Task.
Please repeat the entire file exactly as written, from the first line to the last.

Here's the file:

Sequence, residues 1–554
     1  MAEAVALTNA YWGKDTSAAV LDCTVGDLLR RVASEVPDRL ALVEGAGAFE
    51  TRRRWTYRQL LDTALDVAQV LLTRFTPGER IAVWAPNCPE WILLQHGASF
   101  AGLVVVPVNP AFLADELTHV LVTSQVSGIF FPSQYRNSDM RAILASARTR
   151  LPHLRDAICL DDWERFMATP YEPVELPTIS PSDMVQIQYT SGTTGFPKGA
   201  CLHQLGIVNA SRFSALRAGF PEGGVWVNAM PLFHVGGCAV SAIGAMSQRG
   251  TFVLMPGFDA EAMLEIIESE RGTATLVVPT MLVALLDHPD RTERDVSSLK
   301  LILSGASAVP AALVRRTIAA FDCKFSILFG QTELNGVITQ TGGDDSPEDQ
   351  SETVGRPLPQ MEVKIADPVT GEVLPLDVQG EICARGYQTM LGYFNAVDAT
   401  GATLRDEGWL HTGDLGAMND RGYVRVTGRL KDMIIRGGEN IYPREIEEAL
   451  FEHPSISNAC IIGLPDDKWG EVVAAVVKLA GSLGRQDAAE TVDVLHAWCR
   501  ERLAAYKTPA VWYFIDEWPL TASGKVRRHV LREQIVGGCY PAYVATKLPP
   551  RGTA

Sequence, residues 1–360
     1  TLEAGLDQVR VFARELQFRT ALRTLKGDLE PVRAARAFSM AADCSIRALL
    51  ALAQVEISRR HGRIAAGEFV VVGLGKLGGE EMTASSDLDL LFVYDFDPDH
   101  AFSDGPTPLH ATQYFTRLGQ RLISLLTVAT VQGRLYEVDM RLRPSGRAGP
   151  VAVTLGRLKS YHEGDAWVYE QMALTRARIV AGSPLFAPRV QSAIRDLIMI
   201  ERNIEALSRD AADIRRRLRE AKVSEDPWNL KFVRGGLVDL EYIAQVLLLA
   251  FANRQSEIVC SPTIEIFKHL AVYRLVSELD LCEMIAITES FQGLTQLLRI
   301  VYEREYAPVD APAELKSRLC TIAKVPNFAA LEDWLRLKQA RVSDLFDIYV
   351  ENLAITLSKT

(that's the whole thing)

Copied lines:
Sequence, residues 1–554
     1  MAEAVALTNA YWGKDTSAAV LDCTVGDLLR RVASEVPDRL ALVEGAGAFE
    51  TRRRWTYRQL LDTALDVAQV LLTRFTPGER IAVWAPNCPE WILLQHGASF
   101  AGLVVVPVNP AFLADELTHV LVTSQVSGIF FPSQYRNSDM RAILASARTR
   151  LPHLRDAICL DDWERFMATP YEPVELPTIS PSDMVQIQYT SGTTGFPKGA
   201  CLHQLGIVNA SRFSALRAGF PEGGVWVNAM PLFHVGGCAV SAIGAMSQRG
   251  TFVLMPGFDA EAMLEIIESE RGTATLVVPT MLVALLDHPD RTERDVSSLK
   301  LILSGASAVP AALVRRTIAA FDCKFSILFG QTELNGVITQ TGGDDSPEDQ
   351  SETVGRPLPQ MEVKIADPVT GEVLPLDVQG EICARGYQTM LGYFNAVDAT
   401  GATLRDEGWL HTGDLGAMND RGYVRVTGRL KDMIIRGGEN IYPREIEEAL
   451  FEHPSISNAC IIGLPDDKWG EVVAAVVKLA GSLGRQDAAE TVDVLHAWCR
   501  ERLAAYKTPA VWYFIDEWPL TASGKVRRHV LREQIVGGCY PAYVATKLPP
   551  RGTA

Sequence, residues 1–360
     1  TLEAGLDQVR VFARELQFRT ALRTLKGDLE PVRAARAFSM AADCSIRALL
    51  ALAQVEISRR HGRIAAGEFV VVGLGKLGGE EMTASSDLDL LFVYDFDPDH
   101  AFSDGPTPLH ATQYFTRLGQ RLISLLTVAT VQGRLYEVDM RLRPSGRAGP
   151  VAVTLGRLKS YHEGDAWVYE QMALTRARIV AGSPLFAPRV QSAIRDLIMI
   201  ERNIEALSRD AADIRRRLRE AKVSEDPWNL KFVRGGLVDL EYIAQVLLLA
   251  FANRQSEIVC SPTIEIFKHL AVYRLVSELD LCEMIAITES FQGLTQLLRI
   301  VYEREYAPVD APAELKSRLC TIAKVPNFAA LEDWLRLKQA RVSDLFDIYV
   351  ENLAITLSKT